Australian Glass pioneers: the paper…

22 03 2009

A wander down memory lane with Stephen Skillitzi.

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Stephen with Elaine Miles and her percussion show…

 

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…and the set up of his 1975 glass exhibition (opened by the legendary Don Dunstan) in the same space…

 

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[That Playhouse Gallery has stood the test of time well – amazing really. n(Ed)]

While the Gang was in Adelaide we had the opportunity to have a natter with Stephen Skillitzi about things of a glassy nature and bemoaned the fact that we’d missed the Aussglass Conference in Hobart this year (Megsie,  in the throes of her new job, had been up to her neck in gallery renovations with the next hang and opening bearing down on her – so getting away simply wasn’t an option.) Anyhoo Stephen, after giving us a quick rundown on the conference, kindly offered to send through the paper he gave – and he’s included a number of snaps of early performances (check ’em out at the end of the tract.). It’s rather long, but it’s worth taking the time to read…and there are more pics at the end…

 

Australian Glass Pioneers ….S.Skillitzi   16-1-09

 

 

 

…Some might say: ”Don’t we glass workers have bona-fide historians without a personal ‘ax to grind’ and who are above career-long ‘empire building’ like some latter-day Ghengis Kahn. Incidentally, I observed no Studio Glass in Outer Mongolia, the ‘last frontier’ to resist international Glass incursions. “Surely they, those reliable historians, can give us the unbiased truth. So why does this panel dealing with this historical topic consist of 4 practitioners only and no pure academics or theorists?”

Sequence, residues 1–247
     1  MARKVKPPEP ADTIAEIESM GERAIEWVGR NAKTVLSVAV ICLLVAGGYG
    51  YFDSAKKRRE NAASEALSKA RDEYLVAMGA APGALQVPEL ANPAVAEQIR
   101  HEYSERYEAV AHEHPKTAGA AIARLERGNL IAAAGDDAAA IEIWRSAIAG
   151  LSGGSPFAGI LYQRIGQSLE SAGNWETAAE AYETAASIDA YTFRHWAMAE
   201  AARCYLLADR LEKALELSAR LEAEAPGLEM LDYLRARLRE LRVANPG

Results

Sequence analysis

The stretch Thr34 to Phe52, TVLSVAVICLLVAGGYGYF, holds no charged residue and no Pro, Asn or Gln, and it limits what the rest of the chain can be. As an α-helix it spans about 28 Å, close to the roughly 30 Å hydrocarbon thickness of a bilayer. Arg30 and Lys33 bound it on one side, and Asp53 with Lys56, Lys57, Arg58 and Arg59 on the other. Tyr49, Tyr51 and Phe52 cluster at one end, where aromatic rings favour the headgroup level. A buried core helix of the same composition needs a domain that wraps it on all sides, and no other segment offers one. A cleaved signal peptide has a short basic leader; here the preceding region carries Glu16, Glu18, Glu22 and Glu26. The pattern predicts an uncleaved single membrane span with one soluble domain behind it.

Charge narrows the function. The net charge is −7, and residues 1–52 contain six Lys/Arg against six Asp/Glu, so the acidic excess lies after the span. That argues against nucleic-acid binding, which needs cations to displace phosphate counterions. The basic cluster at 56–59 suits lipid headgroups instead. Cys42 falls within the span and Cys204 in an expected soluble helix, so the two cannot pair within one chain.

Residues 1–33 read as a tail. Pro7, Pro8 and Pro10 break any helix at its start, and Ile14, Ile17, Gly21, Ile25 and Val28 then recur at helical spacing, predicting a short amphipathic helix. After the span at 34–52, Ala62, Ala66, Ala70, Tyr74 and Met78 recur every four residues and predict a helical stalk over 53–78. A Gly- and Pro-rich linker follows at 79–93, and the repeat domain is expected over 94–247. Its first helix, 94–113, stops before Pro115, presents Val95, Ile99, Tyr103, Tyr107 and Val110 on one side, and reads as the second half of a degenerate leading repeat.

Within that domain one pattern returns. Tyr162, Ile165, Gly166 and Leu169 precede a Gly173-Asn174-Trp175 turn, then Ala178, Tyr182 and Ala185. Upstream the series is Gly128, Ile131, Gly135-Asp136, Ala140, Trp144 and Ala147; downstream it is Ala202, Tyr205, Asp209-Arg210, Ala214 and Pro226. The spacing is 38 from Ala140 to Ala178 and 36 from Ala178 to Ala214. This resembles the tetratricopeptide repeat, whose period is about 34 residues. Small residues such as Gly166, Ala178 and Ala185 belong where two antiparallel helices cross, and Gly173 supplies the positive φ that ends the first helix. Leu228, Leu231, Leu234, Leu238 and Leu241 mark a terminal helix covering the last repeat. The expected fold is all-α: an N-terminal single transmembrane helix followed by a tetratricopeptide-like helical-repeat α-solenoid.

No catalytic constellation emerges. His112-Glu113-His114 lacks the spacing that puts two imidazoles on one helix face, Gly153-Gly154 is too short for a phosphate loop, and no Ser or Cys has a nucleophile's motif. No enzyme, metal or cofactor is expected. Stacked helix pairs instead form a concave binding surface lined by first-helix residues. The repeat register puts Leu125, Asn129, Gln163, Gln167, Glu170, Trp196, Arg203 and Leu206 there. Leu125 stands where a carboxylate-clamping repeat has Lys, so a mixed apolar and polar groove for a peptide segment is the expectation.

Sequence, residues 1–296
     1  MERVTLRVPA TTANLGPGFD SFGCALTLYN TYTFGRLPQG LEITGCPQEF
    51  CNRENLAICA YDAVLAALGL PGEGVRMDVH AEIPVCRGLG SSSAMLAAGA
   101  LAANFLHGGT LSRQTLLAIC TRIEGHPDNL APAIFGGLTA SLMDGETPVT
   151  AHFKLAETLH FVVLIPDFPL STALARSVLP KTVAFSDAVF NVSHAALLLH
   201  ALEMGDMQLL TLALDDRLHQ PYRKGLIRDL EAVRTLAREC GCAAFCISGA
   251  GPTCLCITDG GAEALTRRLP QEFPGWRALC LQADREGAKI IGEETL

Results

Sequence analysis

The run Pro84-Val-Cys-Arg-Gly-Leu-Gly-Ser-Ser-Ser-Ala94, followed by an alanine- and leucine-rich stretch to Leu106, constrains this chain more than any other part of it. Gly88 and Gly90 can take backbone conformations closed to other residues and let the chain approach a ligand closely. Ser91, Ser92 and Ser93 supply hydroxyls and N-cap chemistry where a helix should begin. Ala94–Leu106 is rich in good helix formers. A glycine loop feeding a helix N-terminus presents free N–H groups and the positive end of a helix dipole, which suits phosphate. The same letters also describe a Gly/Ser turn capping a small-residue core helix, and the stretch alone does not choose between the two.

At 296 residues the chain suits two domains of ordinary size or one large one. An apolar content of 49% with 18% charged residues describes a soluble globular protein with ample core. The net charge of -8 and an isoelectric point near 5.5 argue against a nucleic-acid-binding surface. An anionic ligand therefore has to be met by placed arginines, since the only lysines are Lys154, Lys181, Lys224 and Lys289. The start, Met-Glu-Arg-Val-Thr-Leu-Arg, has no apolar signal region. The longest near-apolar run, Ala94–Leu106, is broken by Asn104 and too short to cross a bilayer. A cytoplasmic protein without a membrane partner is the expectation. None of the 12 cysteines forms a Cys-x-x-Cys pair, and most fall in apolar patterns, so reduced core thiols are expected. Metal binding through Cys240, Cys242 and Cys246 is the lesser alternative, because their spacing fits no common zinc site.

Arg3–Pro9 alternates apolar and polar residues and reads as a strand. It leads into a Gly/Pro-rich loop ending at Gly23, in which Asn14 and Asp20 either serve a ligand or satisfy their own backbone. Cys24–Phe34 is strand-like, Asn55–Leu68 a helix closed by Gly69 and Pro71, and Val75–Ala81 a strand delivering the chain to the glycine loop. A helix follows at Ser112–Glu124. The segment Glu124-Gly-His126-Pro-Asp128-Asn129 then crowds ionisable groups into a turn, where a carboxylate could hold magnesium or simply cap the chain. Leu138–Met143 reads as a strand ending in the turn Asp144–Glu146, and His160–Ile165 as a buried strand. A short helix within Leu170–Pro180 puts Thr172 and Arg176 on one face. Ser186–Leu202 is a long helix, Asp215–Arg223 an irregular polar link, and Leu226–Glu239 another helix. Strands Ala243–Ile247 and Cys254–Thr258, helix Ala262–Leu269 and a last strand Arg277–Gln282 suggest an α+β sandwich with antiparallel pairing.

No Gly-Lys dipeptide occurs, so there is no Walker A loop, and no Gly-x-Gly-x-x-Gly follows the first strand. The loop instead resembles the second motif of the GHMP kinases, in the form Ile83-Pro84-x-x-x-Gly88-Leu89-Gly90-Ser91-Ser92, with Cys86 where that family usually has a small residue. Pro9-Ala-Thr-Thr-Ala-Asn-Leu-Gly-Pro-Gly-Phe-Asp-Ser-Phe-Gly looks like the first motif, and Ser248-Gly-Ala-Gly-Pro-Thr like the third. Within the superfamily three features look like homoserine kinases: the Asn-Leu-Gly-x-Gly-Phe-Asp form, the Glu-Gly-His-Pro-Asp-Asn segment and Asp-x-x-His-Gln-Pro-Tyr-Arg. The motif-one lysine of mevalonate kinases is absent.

A simple answer is: we need to hear from those practitioners who have done the hard yards by planting the actual ‘glass seeds’ and seeing to their sprouting above ground before they were visible to those historians who got involved later on. Indeed we pioneers can mentally relive in 3D what those historians attempt to do via inferior 2D research. Sadly, I have observed often the neglect of open and useful dialogue between authors and practitioners before and after publication. 

That perhaps belligerent perspective is what motivated the Danish pioneer glass artist Finn Lynggaard to regain control by compiling in 1988 his practitioner-written book on the development of International Studio Glass. In my opinion Finn correctly highlighted Harvey Littleton’s famous 1962 glass blowing workshop which was the major spark for the modern Glass Movement. For me the irritation by both Lynggaard and Littleton with some under-informed historians is justified. 

But for serious history students of contemporary Australian glass the survey texts by the authoritative Dr. Noris Ioannou and Grace Cochrane are hard to beat. We should respectfully reread them!   Another more individualized source of glass history is the so-called “Eminent Persons Program”, archived by the Canberra National Library. To balance the contributions of Nick Mount and myself, some more old-timers in Ausglass should have their histories preserved there.

Speaking personally, it seems my Glass got progressively better in reverse ratio to the ongoing unkind aging process I experienced. Pioneers by definition make mistakes, such as my sometimes lousy furnace designs, so those that follow need not repeat them. For example, my first solo show of clay with glass, at Sydney’s Grace Brothers store when aged only 18, was in January 1966. That was just before decimal currency started. I snobbishly overpriced my student items in guineas and half guineas because I saw mature artists doing just that. Of course a guinea was one pound and one shilling. In hindsight I’m thankful nothing sold. My point is that all us gray-headed pioneers have histories of individually-experienced steep learning curves and the taking of naive risks before we ‘learned the ropes’. 

An ancient proverb states : “As the sapling is bent, so the tree grows”.  I hereby pay a belated tribute to the Glass ‘old-timers’, the often underrated pioneers, who shaped our Glass tree by their risk-taking examples.